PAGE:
[100% Unique Papers] Indian Officials Honestly Systems
Speech Sample: Mahatma Gandhi, March 18, 1922, Statement in the Great Trial of 1922
Gandhi addresses the Court in India, where he has been charged with attempting to excite dissatisfaction with the British Government.
Before I read this statement I would like to state that I entirely endorse the learned Advocate-General’s remarks in connection with my humble self. I think that he has made, because it is very true and I have no desire whatsoever to conceal from this court the fact that to preach disaffection towards the existing system of Government has become almost a passion with me, and the Advocate-General is entirely in the right when he says that my preaching of disaffection did not commence with my connection with Young India but that it commenced much earlier, and in the statement that I am about to read, it will be my painful duty to admit before this court that it commenced much earlier than the period stated by the Advocate-General. It is a painful duty with me but I have to discharge that duty knowing the responsibility that rests upon my shoulders, and I wish to endorse all the blame that the learned Advocate-General has thrown on my shoulders in connection with the Bombay occurrences, Madras occurrences and the Chauri Chuara occurrences. Thinking over these things deeply and sleeping over them night after night, it is impossible for me to dissociate myself from the diabolical crimes of Chauri Chaura or the mad outrages of Bombay. He is quite right when he says, that as a man of responsibility, a man having received a fair share of education, having had a fair share of experience of this world, I should have known the consequences of every one of my acts. I know them. I knew that I was playing with fire. I ran the risk and if I was set free I would still do the same. I have felt it this morning that I would have failed in my duty, if I did not say what I said here just now.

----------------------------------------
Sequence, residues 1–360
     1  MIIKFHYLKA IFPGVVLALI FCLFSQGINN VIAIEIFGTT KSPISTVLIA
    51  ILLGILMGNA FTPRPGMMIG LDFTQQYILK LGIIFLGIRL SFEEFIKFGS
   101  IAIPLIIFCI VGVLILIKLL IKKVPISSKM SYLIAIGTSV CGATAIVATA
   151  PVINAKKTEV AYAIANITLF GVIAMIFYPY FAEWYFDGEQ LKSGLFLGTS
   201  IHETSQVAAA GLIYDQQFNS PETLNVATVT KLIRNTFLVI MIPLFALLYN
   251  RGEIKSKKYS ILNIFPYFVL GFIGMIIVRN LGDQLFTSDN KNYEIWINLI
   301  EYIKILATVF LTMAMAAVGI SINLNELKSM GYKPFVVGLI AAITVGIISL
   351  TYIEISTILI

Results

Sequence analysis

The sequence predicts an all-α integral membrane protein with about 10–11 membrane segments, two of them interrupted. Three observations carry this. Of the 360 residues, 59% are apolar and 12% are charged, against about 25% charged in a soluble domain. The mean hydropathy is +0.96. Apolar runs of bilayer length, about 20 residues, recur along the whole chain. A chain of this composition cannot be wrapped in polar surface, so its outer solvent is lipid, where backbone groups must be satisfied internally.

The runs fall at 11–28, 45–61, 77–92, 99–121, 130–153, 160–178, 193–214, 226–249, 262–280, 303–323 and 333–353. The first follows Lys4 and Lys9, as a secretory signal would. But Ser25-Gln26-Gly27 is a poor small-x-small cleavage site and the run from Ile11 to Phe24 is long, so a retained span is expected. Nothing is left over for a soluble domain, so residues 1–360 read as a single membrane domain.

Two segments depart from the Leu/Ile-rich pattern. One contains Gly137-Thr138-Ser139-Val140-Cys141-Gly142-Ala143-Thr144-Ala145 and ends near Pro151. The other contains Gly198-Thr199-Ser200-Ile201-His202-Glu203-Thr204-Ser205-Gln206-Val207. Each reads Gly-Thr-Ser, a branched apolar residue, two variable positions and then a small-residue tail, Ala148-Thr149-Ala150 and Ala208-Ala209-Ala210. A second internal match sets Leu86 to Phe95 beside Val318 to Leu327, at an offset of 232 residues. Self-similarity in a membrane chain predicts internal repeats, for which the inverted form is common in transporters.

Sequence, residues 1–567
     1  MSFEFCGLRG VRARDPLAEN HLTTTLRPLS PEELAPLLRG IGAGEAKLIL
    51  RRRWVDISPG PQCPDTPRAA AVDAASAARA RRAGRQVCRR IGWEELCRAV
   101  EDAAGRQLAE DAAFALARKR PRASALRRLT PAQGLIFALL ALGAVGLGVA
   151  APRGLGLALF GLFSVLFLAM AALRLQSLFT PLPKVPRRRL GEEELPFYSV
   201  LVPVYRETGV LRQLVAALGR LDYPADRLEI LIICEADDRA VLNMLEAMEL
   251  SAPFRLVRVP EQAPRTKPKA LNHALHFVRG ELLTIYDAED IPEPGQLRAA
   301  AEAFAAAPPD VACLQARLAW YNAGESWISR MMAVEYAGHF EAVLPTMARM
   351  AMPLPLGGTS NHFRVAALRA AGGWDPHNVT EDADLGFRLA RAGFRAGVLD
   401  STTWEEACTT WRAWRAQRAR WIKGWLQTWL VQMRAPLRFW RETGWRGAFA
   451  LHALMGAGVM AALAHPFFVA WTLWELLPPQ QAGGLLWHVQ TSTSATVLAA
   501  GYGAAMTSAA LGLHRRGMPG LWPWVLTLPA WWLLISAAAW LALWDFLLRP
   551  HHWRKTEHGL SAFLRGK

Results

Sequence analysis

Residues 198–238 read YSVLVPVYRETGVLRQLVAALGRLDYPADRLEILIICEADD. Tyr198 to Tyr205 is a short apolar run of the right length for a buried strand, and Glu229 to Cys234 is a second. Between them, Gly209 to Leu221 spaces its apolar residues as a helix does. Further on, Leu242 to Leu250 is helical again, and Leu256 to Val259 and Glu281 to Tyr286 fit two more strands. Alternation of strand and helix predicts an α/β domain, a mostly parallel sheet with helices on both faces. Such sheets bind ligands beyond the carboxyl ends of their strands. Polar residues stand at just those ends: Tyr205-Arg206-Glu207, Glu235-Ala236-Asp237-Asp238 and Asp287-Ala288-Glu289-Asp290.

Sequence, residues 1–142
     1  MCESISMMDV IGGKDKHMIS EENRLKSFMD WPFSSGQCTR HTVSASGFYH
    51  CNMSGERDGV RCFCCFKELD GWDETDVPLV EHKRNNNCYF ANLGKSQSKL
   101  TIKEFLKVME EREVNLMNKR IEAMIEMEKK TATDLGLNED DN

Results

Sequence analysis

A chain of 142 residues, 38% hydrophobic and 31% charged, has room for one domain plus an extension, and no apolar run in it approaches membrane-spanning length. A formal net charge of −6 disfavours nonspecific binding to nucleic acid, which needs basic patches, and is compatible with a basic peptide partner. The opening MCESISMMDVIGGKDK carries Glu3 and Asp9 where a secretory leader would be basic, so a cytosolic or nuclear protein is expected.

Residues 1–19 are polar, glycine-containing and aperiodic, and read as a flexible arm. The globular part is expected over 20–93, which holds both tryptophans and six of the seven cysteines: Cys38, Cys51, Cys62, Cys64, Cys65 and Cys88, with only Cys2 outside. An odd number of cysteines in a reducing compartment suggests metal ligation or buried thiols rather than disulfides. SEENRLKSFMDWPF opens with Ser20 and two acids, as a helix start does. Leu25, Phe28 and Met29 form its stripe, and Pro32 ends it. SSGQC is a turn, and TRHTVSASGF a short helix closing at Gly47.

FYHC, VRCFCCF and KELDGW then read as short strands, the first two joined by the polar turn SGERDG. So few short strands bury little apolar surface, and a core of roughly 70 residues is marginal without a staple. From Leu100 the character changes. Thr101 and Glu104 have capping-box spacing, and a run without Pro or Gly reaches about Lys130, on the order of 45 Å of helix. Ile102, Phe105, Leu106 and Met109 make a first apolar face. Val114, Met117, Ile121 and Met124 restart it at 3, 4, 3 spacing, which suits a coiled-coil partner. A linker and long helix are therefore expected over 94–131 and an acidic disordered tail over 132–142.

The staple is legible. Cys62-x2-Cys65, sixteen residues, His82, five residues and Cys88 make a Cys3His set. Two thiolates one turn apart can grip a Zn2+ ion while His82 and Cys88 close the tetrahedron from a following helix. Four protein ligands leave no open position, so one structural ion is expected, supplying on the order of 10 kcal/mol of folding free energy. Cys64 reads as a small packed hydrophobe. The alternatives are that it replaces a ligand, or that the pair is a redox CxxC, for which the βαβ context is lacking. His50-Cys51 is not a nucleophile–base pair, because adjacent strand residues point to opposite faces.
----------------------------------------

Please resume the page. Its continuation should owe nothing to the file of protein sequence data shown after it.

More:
I wanted to avoid violence. Non-violence is the first article of my faith. It is also the last article of my creed. But I had to make my choice. I had either to submit to a system which I considered had done an irreparable harm to my country, or incur the risk of the mad fury of my people bursting forth when they understood the truth from my lips. I know that my people have sometimes gone mad. I am deeply sorry for it and I am, therefore, here to submit not to a light penalty but to the highest penalty. I do not ask for mercy. I do not plead any extenuating act. I am here, therefore, to invite and cheerfully submit to the highest penalty that can be inflicted upon me for what in law is a deliberate crime, and what appears to me to be the highest duty of a citizen. The only course open to you, the Judge, is, as I am going to say in my statement, either to resign your post, or inflict on me the severest penalty if you believe that the system and law you are assisting to administer are good for the people. I do not except that kind of conversion. But by the time I have finished with my statement you will have a glimpse of what is raging within my breast to run this maddest risk which a sane man can run.
[Ghandi then reads out the written statement:]
I owe it perhaps to the Indian public and to the public in England, to placate which this prosecution is mainly taken up, that I should explain why from a staunch loyalist and co-operator, I have become an uncompromising disaffectionist and non-cooperator. To the court too I should say why I plead guilty to the charge of promoting disaffection towards the Government established by law in India.
My public life began in 1893 in South Africa in troubled weather. My first contact with British authority in that country was not of a happy character. I discovered that as a man and an Indian, I had no rights. More correctly I discovered that I had no rights as a man because I was an Indian.
But I was not baffled. I thought that this treatment of Indians was an excrescence upon a system that was intrinsically and mainly good. I gave the Government my voluntary and hearty co-operation, criticizing it freely where I felt it was faulty but never wishing its destruction.